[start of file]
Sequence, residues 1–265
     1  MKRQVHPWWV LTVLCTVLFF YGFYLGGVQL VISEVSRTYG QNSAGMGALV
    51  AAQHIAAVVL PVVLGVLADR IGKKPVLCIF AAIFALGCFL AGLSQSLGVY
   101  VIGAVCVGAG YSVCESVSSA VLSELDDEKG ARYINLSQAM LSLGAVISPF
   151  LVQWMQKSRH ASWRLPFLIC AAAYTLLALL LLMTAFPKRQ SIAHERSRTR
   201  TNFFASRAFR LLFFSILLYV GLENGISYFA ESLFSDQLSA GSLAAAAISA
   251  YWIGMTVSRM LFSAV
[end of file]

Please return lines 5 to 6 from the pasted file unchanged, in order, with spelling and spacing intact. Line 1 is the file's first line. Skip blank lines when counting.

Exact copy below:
   151  LVQWMQKSRH ASWRLPFLIC AAAYTLLALL LLMTAFPKRQ SIAHERSRTR
   201  TNFFASRAFR LLFFSILLYV GLENGISYFA ESLFSDQLSA GSLAAAAISA